Wall Street sits back and laughs at this “non event” as they see this as Kabuki Theater and politics as usual with the parties trying to gain political points with this game of chicken. While I mostly agree with Wall Street’s assessment of the standoff, there is a bigger story coming out of this debate, the story being that the country is rapidly becoming insolvent. I fully expect the ceiling to be raised whether it happens next week or in early August. But what we should take home from this standoff is the recognition that many beliefs that we held in the past will not hold true in the future. For example, the discussion of Medicare and Social Security cuts being on the table were unthinkable just a few years ago. The $14.3 trillion debt level was a stickler to move as most other debt ceiling raises happened with ease in the past. Poor Timmy G was forced to raid federal retirement accounts just to keep the ponzi going. If this debt ceiling debate was so fierce and deadlocked, just imagine how much more difficult the next one will be. Assuming Congress raises the ceiling to $16.5 trillion, we will reach that level by the end of 2012. What a joke. More importantly, what happens then? How fierce will the debate be then as our debt will be larger than the economy? Also, interest rates, which have remained at 60 year lows, are always at risk of jumping higher. Even a normalization of interest rates would wipe out the “$4 trillion in cuts over the next decade” that Congress is debating now.
For shits and giggles, here is President Obama’s budget forecast. This is pure comedy.
2011 2012 2013 2014 2015 2016
Receipts 2.174 2.627 3.003 3.333 3.583 3.819
Outlays 3.819 3.729 3.771 3.977 4.190 4.468
Deficit 1.645 1.101 768 645 607 649
GDP 15.080 15.813 16.752 17.782 18.804 19.791
The above numbers indicate trillions. Per the White House, tax revenues are going to jump $453 billion next year and $829 billion from fiscal 2011 to 2013. Keep dreaming guys. The GDP numbers are even more comical as they project near $1 trillion dollar increases in economic growth in the years to come. Too bad that the last two months of job “increases” of 25k for May and 18k for June do not portend well for federal tax revenues. Bottom line, I fully expect this “forecast” to miss terribly to the downside with trillion dollar deficits to come year after year. Eventually, the national discussion will turn to austerity which will equate to hardship for millions of boomer Americans that failed to save throughout the duration of their peak earning years. For those of us in our 20’s and even 30’s, at least we will be given a grave demonstration of what happens when there is a failure to save. Take home message: save save save!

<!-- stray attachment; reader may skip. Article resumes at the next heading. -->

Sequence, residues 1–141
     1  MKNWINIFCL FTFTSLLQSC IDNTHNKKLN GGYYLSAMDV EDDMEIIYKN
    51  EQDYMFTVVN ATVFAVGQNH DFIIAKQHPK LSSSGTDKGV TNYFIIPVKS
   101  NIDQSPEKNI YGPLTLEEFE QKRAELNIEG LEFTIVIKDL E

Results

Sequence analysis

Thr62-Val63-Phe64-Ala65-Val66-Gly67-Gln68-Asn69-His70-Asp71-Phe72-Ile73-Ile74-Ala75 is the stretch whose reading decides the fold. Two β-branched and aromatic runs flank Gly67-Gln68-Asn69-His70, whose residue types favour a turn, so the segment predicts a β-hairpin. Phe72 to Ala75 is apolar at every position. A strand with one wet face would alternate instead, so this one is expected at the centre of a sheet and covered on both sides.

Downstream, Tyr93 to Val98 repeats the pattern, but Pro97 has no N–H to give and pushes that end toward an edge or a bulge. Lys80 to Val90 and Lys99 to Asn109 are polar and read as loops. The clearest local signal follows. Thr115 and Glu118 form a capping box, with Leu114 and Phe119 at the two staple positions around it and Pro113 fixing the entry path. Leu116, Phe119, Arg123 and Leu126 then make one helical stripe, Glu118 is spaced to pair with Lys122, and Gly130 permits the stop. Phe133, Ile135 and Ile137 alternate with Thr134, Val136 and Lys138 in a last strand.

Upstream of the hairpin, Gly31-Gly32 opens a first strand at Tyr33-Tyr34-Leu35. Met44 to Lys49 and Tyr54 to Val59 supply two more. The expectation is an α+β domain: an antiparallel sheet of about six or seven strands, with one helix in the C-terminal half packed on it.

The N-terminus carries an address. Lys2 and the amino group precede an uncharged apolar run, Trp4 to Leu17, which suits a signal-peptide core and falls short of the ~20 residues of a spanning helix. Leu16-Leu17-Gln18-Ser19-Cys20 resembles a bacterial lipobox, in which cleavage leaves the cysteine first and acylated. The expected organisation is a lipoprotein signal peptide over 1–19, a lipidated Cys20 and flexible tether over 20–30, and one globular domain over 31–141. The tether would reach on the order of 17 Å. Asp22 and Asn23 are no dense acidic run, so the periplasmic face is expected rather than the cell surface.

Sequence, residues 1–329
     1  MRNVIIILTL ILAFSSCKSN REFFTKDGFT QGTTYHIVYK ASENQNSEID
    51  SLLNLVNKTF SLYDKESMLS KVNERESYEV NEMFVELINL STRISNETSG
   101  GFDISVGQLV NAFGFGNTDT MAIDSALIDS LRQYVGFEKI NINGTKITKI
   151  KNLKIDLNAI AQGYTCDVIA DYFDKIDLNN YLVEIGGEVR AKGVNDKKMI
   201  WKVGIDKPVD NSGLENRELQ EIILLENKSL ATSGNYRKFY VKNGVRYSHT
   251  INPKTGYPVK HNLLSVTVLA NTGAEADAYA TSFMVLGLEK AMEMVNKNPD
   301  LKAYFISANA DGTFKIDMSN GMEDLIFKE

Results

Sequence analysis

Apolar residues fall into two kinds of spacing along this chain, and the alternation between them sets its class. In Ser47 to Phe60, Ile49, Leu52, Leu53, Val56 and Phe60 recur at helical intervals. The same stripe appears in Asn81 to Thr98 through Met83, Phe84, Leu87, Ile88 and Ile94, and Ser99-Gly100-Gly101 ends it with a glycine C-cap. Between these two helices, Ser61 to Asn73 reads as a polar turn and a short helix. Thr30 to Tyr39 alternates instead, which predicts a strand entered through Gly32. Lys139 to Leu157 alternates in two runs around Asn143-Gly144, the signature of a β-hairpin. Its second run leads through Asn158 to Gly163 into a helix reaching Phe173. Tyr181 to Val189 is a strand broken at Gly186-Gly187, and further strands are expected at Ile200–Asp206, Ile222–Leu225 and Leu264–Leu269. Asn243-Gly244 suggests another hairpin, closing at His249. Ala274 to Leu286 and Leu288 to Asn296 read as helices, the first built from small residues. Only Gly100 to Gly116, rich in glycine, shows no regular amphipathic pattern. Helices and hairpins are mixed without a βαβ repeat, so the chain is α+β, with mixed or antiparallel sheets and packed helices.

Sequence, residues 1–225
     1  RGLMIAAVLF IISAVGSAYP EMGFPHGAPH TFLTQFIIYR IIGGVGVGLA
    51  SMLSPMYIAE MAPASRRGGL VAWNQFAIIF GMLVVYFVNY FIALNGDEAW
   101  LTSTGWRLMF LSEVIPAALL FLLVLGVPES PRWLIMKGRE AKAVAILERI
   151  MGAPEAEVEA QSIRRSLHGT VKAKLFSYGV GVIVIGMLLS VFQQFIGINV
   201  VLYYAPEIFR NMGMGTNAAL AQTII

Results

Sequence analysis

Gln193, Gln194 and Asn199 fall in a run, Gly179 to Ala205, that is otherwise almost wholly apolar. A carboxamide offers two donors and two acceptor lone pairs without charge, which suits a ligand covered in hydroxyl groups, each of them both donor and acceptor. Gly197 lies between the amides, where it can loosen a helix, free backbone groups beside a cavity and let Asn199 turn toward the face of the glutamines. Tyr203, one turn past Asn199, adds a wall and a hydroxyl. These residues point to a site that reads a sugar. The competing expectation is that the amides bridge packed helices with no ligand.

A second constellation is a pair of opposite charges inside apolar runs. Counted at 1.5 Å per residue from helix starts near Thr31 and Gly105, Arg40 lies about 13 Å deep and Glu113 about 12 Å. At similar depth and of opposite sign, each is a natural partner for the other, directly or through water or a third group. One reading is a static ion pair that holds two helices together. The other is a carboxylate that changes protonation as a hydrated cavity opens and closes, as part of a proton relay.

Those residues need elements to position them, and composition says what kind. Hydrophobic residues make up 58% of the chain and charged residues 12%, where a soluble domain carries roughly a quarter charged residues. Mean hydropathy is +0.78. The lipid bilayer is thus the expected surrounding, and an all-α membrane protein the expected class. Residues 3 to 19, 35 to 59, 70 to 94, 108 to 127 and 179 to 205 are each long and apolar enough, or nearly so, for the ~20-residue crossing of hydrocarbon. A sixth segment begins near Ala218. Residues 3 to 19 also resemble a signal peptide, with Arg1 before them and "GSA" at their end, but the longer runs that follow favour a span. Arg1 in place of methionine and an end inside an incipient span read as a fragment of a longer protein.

America threw itself a debt binged party over the last 20 years. As international competition increased and signs of economic weakness appeared, we covered up the cuts with the band-aid of debt. Now we have reached the point where debt no longer does its magic by creating wealth. This phenomenon is known as debt saturation. In addition, we have a wildly corrupt ruling class whereby a disproportionate percentage of income flows to the top 1% while many at the bottom languish.
I am beginning to see some positive signs out of all of this mess as Americans war tolerance has plummeted. Troop levels in Iraq remain at 50,000 and their departure is coming sooner rather than later. In addition, the public has completely soured on the war in Afghanistan and even Obama has gotten the message as troop withdrawals will begin in September. Woohoo! Also, it appears that the Greek situation has scared the crap out of many of our leaders as the reference continues to come up on a regular basis. Apparently, watching the police battle protesters with tear gas and rocks has given them the willies. And it should because a bankrupt country will have many angry citizens to deal with. Just yesterday while speaking with opposing counsel I told him that eventually there will be cuts to Social Security and Medicare as the math simply doesn’t support the expenditures. His eyes literally lit up in rage as he yelled ‘that’s so fucking unfair, it’s wrong, we paid into it!” And mind you this is a relatively wealthy partner of a small defense firm. If this guy got pissed imagine how angry all the poor saps that will be depending on Social Security as the primary source of income. As many of you know the excess revenues of Social Security taxes were spent leaving SS beneficiaries owning “nonmarketable” treasuries. This is what happens when government “saves” for its own people.
On balance, however we are still fortunate to live in a first world country as there are many places in the world that suck to live in. Whether it’s Pakistan, Indonesia, India, Egypt, Mexico, Iran, most of Africa, or many of the South American basket cases, there are just so many places that are truly fucked up. As difficult as things are and as difficult as things will become, at least we don’t have to worry about Malaria or Cholera outbreaks or even militias gunning people down in the streets. Look how quickly Libya and Syria descended into widespread violence. Basically, we still have many things to be thankful for as we were fortunate enough to be born into a first world country.
In the end, perhaps America needed a good humbling as our arrogance lead to our current predicament. Although it is probably temporary due to the debt ceiling debate, it feels good to hear the pundits and politicians actually discussing things of real importance as opposed to the culture wars which generally dominate the headline news stations. As our nation’s descent into fiscal hell continues in the next few years, it will be interesting to see if our leaders learn from the pain that is taking place from our European buddies across the pond.
Until next time.